featured. I downloaded their sample tree, of forty-six individuals and was
impressed. The integration of photos, sources, and places with the people is
extremely slick. The interface was incredibly user friendly and followed Mac
methodology. Data is well organized into four major areas: 
·     
Persons
·     
Places
·     
Sources
·     
Media

Under Persons are four tabs, 

·     
Immediate Family, grandparents, parents, spouse,
and children, are displayed. There is a great feature where you can link
variants of a surname together. In my family tree, I have Manning, Mannin,
Mannon, and Mannen, which spellings used changes constantly.
·     
Personal Data, which includes key info on the
individual, (names, notes, etc.) events, (birth, marriage, death, etc.) and a
family section. One cool thing about the section is what they call “sundry
links” which is a place you can link an individual to another based upon a
non-direct relationship. For example, when a niece is living with a family and
you don’t know who the parent is or even which side of the family the to whom
the niece is related. Events allow you enter many different event types. A
marriage event does not show who the marriage was to. You have to display the
families tab and the events tab simultaneously and figure out which is the
correct one. Adding a new marriage event is cumbersome, as the input screen does
not display all the info for the marriage. They also put unusual emphasis upon
people’s occupation and even have a separate index for that. The software seems
to put too much importance on a child’s status (illegitimate, natural, etc.)
and if a person can sign their name (verses uses an “X”). It is rare that I
have cared about status and have never paid attention to a person’s signature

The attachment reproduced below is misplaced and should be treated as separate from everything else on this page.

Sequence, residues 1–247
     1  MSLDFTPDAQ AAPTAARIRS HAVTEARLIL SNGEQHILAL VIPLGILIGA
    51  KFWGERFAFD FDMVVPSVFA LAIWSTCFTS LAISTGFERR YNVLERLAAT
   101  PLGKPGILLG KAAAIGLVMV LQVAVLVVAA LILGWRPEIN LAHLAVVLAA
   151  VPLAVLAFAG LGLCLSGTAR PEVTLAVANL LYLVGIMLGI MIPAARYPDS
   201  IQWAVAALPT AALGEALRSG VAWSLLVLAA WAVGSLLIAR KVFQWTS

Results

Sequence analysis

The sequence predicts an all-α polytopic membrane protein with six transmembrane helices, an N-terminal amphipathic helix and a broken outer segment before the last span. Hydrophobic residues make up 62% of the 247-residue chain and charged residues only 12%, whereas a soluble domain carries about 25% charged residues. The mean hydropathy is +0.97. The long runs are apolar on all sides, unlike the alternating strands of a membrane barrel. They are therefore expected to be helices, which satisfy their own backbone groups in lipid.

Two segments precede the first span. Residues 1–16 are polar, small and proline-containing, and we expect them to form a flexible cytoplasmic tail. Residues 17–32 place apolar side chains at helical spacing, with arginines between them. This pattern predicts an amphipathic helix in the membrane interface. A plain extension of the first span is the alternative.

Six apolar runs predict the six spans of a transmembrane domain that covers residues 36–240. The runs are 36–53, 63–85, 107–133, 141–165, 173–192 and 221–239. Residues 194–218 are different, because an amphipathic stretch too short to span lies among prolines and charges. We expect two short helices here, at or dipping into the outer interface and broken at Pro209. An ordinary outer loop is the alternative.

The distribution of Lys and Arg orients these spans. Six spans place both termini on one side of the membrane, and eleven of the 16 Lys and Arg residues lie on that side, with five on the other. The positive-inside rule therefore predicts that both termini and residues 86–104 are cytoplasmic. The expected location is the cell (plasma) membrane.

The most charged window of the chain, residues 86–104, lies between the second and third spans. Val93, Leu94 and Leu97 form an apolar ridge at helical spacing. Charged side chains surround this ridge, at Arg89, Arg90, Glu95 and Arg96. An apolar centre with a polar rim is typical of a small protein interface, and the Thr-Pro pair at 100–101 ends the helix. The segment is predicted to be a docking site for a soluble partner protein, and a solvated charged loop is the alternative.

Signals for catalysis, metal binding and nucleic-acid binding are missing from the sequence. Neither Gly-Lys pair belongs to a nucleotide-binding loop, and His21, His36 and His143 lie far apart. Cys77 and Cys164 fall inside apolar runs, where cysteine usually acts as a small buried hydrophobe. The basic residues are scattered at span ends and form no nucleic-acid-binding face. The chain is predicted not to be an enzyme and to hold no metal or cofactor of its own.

ability. 
·     
Family Group Data provides easy access to key
information on parents, partners, and children. The display is cluttered, trying
to put too much on the screen.
·     
Ancestors tab gives a quick pedigree chart,
which is easily selectable as four, five, or six generations.
The Places section is likewise very clean. It uses little icons
to indicate if you have a picture of a place or if it has notes. Accessing
Places via the “Tools” menu gives access to you to see which individuals have
an entry to a particular place. Locations link to “Open Street Map.” I had
never seen them before and really like their maps.  I may use them for other things in the future. 
The Sources section is more flexible than some other
programs I have seen. You can add images and notes. The notes have complete formatting
capabilities, font, font size, bold, italic, etc. 
The Media section links photographs to the individuals and
is very clear and concise in its use.
The Reports are standard and what one might expect. It will
create a biographical report for an individual and then launch your preferred
word processor for you to finish it off. I thought that was very cool. Throughout
the reports you have the option to include private data or not.
There are Heredis iPad and iPhone applications (free) that can allow you to sync your desktop to your iPad or iPhone and take it with you.  Also, the sync function allows you to sync to remote computers, external hard drives (cloud), and USB Flash Drives.  
I thought, “Wow,
I can’t wait to see how it does with my tree.”
I encountered my first disappointment. It only imports
GEDCOM and Heredis files. It would be nice if it imported some of the other
popular genealogical software. I imported a GED file knowing that GED imports do
not support media. I would have to reconnect my media to my sources. A time consuming process.
Then I found the showstopper. I noticed that the import
stripped off the name if I had more than one name for an individual. I then
found there is no way for an individual to have more than one name. (Their support forum confirmed this problem.)  I have
several ancestors who changed their name for no apparent reason and there is no
way to accommodate those different names in the software. 
There are several other issues, for example no web
publishing capability, although their website says they are working on it;
however, most of the other problems are minor and can be worked around.
At $59.90, normal retail price, the cost is in the same
range as other genealogy programs for the Mac such as Family Tree Maker,
Reunion, and MacFamily Tree. Heredis’ use of indexes and their search
capability are second to none and really a plus. If they fix their names issue,
simplify some of the screens that try to show too much data, and improve their
import file format capability, I think it will be a desirable product. In its
current form, I do not recommend it.